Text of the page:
Dec. 7, 2011
SEATTLE - The way Michael Callahan looks at it, he's just handing off the baton to the coaches at USRowing. His focus, of course, is winning National Championships. But the Husky men's crew coach also wants to develop and prepare rowers for the rigors of National Team selection.
Recently, Callahan traveled to San Diego to support two of his current seniors (Robert Munn & Ambrose Puttmann) racing at the West Coast Speed Order, an intense competition that determine invites to the priority selection camp.
"Our ethos is to help students develop," Callahan said. "A goal of mine every year is to help our athletes reach their potential. The ceiling for both Rob and Ambrose is incredibly high, and this was a great opportunity for them."
Munn and Puttmann finished 12th in the pairs and finished strong in the 6,000-meter erg test, but came back home knowing they need to be faster if they hope to qualify for the Olympic Team in the next quadrennial.
"They more than held their own," Callahan said. "Even at Washington, though, those two aren't our fastest U.S. pair. Our level of competition is intense here, and we are preparing these seniors for the next step once they graduate."
One of the challenges with making the transition to the senior level is how athletes lose the tight bond of the team environment. USRowing open weight head coach Tim McLaren discussed how athletes need to be disciplined to work hard on their own, a trait he often sees in Washington oarsmen.
"We help work the kids through that transition," McLaren said. "In college, they get strength through their peers and a commitment to a cause. The kids at Washington have such a great support network, and that's why I feel the college system is the best in the world."
Unlike most nations, the development system for USRowing is the collegiate system. And few universities have the track record like UW. This reputation was recently enhanced when freshmen coach Luke McGee was named the development coordinator for the U.S. National Team. McGee will help identify and train talent for the U-23 World Championships, where success is often a precursor to making the senior team.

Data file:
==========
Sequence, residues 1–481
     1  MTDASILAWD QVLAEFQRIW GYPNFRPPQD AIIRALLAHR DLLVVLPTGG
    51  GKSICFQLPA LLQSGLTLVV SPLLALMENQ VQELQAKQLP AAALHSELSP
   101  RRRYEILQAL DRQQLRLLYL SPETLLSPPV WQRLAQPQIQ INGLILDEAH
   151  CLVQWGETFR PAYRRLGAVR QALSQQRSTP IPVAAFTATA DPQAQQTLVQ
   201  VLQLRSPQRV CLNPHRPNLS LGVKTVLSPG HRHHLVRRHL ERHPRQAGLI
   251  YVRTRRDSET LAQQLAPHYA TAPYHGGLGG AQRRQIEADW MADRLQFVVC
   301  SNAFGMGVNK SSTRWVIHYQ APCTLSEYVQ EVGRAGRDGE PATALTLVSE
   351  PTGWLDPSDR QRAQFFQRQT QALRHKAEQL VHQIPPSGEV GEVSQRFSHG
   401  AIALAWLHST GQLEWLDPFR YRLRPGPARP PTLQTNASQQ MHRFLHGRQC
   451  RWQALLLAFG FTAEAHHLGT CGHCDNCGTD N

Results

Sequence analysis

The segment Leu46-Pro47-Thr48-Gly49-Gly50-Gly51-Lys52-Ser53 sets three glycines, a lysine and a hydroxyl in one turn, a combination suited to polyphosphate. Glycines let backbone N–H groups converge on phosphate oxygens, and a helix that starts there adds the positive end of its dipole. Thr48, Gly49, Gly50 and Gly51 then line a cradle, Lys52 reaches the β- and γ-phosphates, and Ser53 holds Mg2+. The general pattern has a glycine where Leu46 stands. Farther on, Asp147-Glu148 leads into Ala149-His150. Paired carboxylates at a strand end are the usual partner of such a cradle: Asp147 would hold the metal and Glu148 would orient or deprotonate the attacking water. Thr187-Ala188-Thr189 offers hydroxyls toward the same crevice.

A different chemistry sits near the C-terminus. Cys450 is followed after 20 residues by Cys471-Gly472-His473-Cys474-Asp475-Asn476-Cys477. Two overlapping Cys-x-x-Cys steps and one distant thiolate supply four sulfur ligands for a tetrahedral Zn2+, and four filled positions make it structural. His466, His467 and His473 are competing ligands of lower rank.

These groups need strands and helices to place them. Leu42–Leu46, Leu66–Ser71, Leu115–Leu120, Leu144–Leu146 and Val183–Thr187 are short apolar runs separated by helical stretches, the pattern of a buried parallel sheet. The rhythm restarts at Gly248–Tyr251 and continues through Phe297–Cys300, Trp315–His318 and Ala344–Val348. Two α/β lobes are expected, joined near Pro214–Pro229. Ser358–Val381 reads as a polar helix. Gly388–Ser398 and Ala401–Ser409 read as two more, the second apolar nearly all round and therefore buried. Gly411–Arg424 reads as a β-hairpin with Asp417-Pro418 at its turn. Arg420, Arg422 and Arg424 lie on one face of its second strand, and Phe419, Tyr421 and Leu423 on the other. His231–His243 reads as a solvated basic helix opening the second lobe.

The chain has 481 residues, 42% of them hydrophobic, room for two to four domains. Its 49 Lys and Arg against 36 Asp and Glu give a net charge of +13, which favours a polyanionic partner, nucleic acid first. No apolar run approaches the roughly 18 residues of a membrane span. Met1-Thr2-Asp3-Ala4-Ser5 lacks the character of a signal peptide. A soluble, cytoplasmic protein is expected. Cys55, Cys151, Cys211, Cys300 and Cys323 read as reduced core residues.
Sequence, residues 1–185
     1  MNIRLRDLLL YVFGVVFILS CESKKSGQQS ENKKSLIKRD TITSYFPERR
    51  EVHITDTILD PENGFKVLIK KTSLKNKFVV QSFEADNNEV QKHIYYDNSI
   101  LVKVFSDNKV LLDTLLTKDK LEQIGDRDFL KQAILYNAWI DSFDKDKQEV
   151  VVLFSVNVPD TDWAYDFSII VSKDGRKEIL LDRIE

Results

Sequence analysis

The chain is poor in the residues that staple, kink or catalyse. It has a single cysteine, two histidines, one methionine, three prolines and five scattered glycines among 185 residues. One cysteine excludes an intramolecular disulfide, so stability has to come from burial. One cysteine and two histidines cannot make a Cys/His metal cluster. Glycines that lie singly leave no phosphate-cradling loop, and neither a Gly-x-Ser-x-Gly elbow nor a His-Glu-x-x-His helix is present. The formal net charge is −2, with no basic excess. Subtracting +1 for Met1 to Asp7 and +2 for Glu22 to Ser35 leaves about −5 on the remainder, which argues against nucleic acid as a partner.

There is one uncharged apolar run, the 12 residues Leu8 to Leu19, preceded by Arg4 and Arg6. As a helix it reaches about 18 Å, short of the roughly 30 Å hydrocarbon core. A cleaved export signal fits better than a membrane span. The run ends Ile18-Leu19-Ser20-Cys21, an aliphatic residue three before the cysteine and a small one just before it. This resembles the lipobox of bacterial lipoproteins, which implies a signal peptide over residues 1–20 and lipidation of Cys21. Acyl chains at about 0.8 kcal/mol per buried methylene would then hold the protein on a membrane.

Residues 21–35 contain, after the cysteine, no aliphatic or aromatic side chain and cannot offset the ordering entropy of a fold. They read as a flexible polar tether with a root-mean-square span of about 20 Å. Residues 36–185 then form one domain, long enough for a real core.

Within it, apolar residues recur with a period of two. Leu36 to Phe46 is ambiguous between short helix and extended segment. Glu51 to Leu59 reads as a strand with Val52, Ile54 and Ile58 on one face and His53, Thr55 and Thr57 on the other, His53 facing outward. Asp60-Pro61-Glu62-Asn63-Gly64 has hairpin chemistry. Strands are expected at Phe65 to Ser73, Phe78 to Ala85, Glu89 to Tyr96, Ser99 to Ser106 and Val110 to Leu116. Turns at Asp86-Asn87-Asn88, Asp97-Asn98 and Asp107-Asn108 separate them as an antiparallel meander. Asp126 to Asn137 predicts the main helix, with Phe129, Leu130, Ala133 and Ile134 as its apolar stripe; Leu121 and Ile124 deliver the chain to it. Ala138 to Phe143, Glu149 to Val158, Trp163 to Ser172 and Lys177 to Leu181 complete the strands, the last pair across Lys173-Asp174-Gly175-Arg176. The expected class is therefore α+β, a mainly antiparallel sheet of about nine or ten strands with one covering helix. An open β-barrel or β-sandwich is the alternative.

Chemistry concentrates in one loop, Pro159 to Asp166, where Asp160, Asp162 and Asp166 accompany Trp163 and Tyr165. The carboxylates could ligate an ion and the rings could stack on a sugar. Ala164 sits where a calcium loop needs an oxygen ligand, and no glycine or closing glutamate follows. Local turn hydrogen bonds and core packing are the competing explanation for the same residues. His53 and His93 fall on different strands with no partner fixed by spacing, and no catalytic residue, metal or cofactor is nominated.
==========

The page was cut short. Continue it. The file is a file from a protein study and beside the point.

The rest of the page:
Last year, the Huskies had nine American rowers who competed at the U-23 World Championships in Amsterdam. Additionally, several alums including Giuseppe Lanzone, Brett Newlin and Scott Gault have established healthy careers with USRowing, and recent graduates like Hans Struzyna and Ty Otto are on the cusp of selection. The system used by the Huskies has been a well-proven entry portal for those with potential to row beyond the college level. While it's not a complete facsimile, Callahan structures his program to mirror those of a national team, everything from a dedication to training in small boats, tactics, technology and the support staff.
"We prepare the rowers as much as we can, and then we hand them off to (US coach) Tim McLaren," Callahan said. "Our goal has been to construct our program to model those that you see at the training center in San Diego."
Because the primary focus of collegiate rowing is winning the varsity eight event, there's a difficult transition for oarsmen to make when they move over to the national team. Struzyna, in particular, struggled at first when away from a team dynamic. McLaren said a lot of athletes go through an adjustment period when the eight is de-emphasized for smaller boats. Because UW rows so much in small boats, the learning curve flattens out for Huskies competing at the national level. What expedites the adjustment level as well is what McLaren tagged as the most common trait he's seen in Washington oarsmen - coachability.
"All those kids, they're just very solid," McLaren said. "They're good to coach, very supportive, well-mannered, across the board; really respectful of hard work."
This, of course, is something Callahan emphasizes as one of the hallmarks of his program. But the primary directive is to a) win and b) develop rowers capable of rowing at the next level.
Callahan also has the pedigree of time spent coaching on the national-team. He's coached a U-23 boat five times in the past seven years, most recently this past summer in Amsterdam. He's also a product of the national team system, and knows full well the difficulties in sustaining careers at that level.
"We're an academic institution, so we're also developing guys to have successful careers once they leave Washington," Callahan said. "Ambrose told me he'd like to go to Medical School and the Olympics, and we're going to do everything we can to help him realize those goals."
Coming back to Munn and Puttmann, both are the type of rowers who fit the national team prototype. And while they didn't win the West Coast Speed Order, Olympian and Washington Alum, Gault did. They proved to the USRowing staff that they have the tools and the will to row at the senior national team level in the future.